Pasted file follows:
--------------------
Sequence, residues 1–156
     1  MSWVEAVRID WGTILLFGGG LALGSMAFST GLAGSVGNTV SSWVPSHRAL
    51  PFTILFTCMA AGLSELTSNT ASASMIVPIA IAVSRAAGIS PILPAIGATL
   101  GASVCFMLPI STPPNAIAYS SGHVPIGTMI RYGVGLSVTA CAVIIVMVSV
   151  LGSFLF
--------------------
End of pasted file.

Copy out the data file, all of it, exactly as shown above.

Sequence, residues 1–156
     1  MSWVEAVRID WGTILLFGGG LALGSMAFST GLAGSVGNTV SSWVPSHRAL
    51  PFTILFTCMA AGLSELTSNT ASASMIVPIA IAVSRAAGIS PILPAIGATL
   101  GASVCFMLPI STPPNAIAYS SGHVPIGTMI RYGVGLSVTA CAVIIVMVSV
   151  LGSFLF